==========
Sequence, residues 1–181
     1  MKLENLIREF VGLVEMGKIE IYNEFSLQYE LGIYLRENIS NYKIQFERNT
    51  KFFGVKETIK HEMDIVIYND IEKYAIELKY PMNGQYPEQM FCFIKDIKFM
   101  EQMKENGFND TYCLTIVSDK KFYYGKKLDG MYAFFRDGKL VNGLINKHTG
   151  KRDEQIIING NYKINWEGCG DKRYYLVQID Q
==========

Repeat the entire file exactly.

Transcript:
Sequence, residues 1–181
     1  MKLENLIREF VGLVEMGKIE IYNEFSLQYE LGIYLRENIS NYKIQFERNT
    51  KFFGVKETIK HEMDIVIYND IEKYAIELKY PMNGQYPEQM FCFIKDIKFM
   101  EQMKENGFND TYCLTIVSDK KFYYGKKLDG MYAFFRDGKL VNGLINKHTG
   151  KRDEQIIING NYKINWEGCG DKRYYLVQID Q